config.load(new FileInputStream(propFile))
        for (Map.Entry property in config) {
            ext[property.key] = property.value;

Then, use it as follows:

loadProperties 'build.properties'

If the file with the given name doesn't exist, it fails silently.

The properties are loaded as extra properties of your project, so when reading them you don't use the "ext." qualifier (read them just like dynamic properties), as opposed to when writing into them.

Comment by Kevin Stembridge [ 11/Oct/12 ]

Very nice Ido.

I'd love to see the Gradle team make this available as a top-level method. They should also consider making it more flexible in how we specify the files to be loaded. e.g. classpath-relative, collections of files, etc.

Comment by Jonas [ 20/Dec/13 ]

You say "The properties are loaded as extra properties of your project, so when reading them you don't use the "ext." qualifier (read them just like dynamic properties), as opposed to when writing into them."

Could you please give an exact example?

Comment by Blaine Simpson [ 20/Dec/13 ]

I forgot to update this discussion last year. I updated my JavaPropFile plugin promptly. It supports the current API without warnings, and hasn't needed any modification since because of the rigorous unit tests. It will be updated aggresively whenever there is a need because it is used by very active open source projects. H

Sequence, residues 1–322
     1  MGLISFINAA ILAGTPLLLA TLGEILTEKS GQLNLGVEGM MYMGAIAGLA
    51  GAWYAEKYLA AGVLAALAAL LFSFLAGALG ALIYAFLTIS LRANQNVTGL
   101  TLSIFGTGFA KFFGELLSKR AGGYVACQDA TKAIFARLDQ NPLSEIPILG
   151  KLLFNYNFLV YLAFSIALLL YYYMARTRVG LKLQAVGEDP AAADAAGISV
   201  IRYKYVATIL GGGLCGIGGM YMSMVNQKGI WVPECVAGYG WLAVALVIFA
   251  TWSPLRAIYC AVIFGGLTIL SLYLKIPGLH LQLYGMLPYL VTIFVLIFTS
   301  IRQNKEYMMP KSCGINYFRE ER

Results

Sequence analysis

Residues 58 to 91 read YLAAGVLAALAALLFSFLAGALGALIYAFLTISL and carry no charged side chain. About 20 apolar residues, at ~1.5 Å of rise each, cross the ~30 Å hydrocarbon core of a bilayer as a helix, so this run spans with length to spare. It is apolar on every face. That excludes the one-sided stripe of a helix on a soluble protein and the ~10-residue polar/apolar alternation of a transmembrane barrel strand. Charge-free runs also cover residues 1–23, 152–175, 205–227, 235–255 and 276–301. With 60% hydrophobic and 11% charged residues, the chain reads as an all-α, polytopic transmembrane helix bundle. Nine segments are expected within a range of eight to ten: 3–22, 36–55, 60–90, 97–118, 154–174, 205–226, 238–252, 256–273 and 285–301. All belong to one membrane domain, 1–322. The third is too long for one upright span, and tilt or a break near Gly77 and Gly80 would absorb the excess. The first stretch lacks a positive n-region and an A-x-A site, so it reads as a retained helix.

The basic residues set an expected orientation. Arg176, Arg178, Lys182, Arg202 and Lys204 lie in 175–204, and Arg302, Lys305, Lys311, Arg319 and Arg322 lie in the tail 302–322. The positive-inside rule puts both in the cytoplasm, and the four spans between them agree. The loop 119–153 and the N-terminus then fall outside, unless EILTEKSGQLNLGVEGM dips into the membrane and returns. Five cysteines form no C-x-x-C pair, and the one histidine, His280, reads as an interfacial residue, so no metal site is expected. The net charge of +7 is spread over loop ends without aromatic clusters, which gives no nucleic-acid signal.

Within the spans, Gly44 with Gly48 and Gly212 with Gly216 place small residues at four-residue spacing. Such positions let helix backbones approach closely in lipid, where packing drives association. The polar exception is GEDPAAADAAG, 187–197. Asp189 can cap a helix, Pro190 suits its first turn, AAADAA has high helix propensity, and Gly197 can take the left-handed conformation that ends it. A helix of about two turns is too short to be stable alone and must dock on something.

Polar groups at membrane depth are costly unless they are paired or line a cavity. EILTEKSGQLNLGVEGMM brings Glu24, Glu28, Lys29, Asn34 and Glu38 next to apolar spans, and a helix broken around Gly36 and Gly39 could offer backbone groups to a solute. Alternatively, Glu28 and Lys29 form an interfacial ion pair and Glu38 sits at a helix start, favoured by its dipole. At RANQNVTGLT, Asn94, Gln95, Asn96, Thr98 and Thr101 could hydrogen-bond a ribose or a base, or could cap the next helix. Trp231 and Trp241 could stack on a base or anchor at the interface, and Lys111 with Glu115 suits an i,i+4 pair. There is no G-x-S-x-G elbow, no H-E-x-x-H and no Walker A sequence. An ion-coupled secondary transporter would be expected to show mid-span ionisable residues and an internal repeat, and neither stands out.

Ido's snippet satisfies the most common use case. I often need more, like support for types other than strings, nesting of values, ability to reference sys properties (and set them), adding to arbitrary scope (not just the project), validation, default values, etc. See the feature list.

Comment by Ido [ 20/Dec/13 ]

You say "The properties are loaded as extra properties of your project, so when reading them you don't use the "ext." qualifier (read them just like dynamic properties), as opposed to when writing into them."

Could you please give an exact example?


loadProperties 'myprops.properties'
println db-name // output: myDB
Comment by Raja Nagendra Kumar [ 11/Jul/14 ]

It would be nice to have this as default method.
Else, we need to include the script for loadProperties everywhere.. as loading properties from any where is so commonly used. More so this method is no optimal as one needs to read and assign to global properties.